An amendment in June this year calls on municipal governments, in addition to prefectural authorities, to draft action plans to address the problems faced by children from low-income backgrounds.

The scale and complexity of the problem, coupled with the overstretched state of Japan's public finances, point to the potential for the private sector to play a significant role. However, in the past, this very complexity had been a barrier to corporate engagement. Few companies possess the resources or expertise to launch independent initiatives.

Fortunately, things have begun to change. Since 2015, the government-backed National Movement to Support Children's Futures has worked to bring together concerned companies with local nonprofit organizations, or NPOs.

As a result of this and other public-private initiatives, a growing number of companies are partnering with NPOs that work to address both the consequences of child poverty and stamp out its causes.

One such organization is Learning For All, or LFA. Since 2010, LFA has been working with local authorities throughout Japan to provide free-of-charge individual tuition, both within and outside classroom settings, and to offer ibasho or "safe spaces" to over 6,000 children from poor homes or who are otherwise disadvantaged.

A high school student goes to free-of-charge individual tuition in Tokyo. (Photo by Shinya Sawai)

Now, with funding from Goldman Sachs Gives, LFA has begun work on a scalable model that combines academic tutoring with pastoral care to provide an ongoing system of support for underprivileged children in one of Tokyo's poorest wards.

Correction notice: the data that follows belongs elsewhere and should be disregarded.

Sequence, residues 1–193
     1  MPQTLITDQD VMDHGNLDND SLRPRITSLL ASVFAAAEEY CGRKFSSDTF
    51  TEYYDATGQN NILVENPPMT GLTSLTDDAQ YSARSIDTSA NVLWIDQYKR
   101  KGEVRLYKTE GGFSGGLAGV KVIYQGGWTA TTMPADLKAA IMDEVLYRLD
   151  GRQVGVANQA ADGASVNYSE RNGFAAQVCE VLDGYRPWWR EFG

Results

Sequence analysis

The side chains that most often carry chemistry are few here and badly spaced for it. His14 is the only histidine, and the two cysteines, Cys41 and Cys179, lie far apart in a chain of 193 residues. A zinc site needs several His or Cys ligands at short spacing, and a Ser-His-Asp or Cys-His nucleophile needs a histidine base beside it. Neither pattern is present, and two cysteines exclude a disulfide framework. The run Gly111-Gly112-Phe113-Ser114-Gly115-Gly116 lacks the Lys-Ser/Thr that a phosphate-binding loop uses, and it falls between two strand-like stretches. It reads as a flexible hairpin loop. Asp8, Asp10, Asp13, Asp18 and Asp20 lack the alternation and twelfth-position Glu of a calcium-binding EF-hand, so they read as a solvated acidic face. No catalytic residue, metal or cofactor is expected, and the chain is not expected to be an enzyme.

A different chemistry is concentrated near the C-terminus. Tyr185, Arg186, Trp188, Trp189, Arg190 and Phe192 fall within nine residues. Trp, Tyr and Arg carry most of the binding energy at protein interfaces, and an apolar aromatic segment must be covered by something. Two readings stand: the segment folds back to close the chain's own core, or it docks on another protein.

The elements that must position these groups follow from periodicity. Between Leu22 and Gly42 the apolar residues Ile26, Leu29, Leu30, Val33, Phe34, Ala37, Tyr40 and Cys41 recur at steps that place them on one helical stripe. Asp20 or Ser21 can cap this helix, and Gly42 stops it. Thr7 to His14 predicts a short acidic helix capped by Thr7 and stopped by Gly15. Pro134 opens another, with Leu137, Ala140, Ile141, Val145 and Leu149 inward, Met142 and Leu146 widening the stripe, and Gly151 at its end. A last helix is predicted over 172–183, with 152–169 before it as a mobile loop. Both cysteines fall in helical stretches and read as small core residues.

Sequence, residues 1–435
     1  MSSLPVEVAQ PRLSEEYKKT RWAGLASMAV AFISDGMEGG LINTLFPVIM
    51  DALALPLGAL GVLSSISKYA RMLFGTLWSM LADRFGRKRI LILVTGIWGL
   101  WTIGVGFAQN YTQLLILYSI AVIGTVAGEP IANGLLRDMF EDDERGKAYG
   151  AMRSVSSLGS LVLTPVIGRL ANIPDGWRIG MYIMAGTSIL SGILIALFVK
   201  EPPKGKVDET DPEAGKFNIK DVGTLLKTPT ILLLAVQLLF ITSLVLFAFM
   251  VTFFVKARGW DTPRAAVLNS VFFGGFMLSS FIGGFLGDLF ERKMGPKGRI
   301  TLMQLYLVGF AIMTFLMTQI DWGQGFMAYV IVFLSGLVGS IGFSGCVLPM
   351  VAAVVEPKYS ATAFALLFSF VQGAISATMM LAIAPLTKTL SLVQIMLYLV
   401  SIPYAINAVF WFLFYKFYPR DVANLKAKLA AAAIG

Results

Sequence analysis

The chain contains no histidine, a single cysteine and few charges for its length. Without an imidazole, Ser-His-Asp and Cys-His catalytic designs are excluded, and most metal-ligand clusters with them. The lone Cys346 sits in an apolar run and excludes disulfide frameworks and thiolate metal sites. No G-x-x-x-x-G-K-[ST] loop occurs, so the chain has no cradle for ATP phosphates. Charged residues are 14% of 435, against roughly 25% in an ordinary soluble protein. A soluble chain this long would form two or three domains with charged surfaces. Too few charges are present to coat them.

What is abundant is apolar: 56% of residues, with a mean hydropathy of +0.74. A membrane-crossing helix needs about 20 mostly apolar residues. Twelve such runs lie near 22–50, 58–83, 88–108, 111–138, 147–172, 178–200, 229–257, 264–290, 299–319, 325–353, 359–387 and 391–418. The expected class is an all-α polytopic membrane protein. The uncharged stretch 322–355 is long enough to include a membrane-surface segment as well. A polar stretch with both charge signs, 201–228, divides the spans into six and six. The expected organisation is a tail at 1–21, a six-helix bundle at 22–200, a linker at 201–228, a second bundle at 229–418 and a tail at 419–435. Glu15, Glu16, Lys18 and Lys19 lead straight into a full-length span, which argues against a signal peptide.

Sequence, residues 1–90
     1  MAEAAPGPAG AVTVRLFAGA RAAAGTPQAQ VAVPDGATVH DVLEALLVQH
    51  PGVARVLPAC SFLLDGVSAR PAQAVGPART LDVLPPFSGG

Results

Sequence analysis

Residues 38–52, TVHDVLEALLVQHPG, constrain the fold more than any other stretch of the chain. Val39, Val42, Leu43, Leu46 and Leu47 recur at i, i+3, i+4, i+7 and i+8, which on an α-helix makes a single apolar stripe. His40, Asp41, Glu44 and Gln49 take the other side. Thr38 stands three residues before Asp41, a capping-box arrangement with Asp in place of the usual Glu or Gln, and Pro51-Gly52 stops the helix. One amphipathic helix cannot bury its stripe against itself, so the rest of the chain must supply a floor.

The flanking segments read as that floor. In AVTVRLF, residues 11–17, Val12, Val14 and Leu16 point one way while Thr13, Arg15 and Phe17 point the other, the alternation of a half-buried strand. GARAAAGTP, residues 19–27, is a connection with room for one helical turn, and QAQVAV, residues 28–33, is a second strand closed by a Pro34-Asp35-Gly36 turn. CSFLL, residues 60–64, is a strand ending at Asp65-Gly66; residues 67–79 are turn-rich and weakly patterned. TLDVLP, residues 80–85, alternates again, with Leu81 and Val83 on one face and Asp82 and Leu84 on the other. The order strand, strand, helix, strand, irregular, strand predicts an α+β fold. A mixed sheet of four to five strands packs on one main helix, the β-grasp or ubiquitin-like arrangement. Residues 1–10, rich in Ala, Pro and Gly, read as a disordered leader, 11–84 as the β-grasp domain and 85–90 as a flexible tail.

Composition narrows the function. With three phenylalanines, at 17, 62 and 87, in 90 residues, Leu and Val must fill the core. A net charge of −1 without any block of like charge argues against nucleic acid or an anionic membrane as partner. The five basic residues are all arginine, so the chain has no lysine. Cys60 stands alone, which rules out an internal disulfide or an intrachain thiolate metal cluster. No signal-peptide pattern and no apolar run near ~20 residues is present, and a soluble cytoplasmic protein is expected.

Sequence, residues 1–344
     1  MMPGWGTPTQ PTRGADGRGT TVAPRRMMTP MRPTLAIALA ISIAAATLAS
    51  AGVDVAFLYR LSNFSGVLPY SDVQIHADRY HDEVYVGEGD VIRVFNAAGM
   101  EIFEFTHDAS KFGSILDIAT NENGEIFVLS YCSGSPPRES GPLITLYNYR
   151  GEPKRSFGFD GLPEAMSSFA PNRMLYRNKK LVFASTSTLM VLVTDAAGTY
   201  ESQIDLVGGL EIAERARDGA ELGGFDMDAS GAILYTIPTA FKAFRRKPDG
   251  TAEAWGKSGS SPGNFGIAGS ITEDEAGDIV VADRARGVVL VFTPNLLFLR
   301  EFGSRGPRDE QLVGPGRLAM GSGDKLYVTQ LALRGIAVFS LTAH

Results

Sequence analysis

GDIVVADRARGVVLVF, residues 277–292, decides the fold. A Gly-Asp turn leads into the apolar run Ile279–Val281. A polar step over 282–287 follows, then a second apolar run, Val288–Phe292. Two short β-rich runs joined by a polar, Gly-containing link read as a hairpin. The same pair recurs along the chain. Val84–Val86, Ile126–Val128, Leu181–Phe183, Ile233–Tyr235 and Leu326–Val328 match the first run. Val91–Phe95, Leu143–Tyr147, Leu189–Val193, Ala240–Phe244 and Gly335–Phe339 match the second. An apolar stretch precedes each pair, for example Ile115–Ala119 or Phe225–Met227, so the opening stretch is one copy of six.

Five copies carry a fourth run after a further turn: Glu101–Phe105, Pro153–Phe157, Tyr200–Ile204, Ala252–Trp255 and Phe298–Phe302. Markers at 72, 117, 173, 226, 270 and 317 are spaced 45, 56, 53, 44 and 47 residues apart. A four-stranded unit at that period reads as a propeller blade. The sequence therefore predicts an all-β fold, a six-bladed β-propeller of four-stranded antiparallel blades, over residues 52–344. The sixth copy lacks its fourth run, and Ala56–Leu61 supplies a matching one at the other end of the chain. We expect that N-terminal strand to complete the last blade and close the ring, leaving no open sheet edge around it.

By 2021, it aims to have finalized the model and launch a nationwide expansion. The progress to date is encouraging.

Eradicating child poverty could have huge potential benefits for Japanese society, with the same multiplier effect amplifying the positive impact across future generations.

A 2010 study by the National Institute of Population and Social Security Research found that providing vocational training to youngsters which led to full-time employment could result in a long-term net benefit to society of between 70 million to 100 million yen ($650,000-$930,000) per capita in the form of tax and social insurance receipts and welfare savings.

This compares to a societal cost of 50 million to 60 million yen if no training were provided and the youngsters ended up dependent on state welfare.

I have been working in finance for nearly 40 years. But it does not take an investment banker to understand the economics of investing in underprivileged children: the benefits are clear. If U.N. estimates prove correct and Japan's workforce population shrinks 40% by 2055, the risks of not doing so are even clearer.

Masanori Mochida is President and Representative Director of Goldman Sachs Japan. He joined the business in 1985. Goldman Sachs Gives, a donor-advised fund, has made more than $1.5 billion in grants and partnered with 6,000 nonprofits in 90 countries around the world.